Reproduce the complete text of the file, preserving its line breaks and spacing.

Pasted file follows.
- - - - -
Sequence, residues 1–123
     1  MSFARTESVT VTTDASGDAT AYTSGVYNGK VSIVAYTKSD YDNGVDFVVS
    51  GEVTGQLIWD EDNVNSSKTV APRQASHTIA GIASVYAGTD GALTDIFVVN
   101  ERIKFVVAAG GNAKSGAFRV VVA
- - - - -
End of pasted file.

Sequence, residues 1–123
     1  MSFARTESVT VTTDASGDAT AYTSGVYNGK VSIVAYTKSD YDNGVDFVVS
    51  GEVTGQLIWD EDNVNSSKTV APRQASHTIA GIASVYAGTD GALTDIFVVN
   101  ERIKFVVAAG GNAKSGAFRV VVA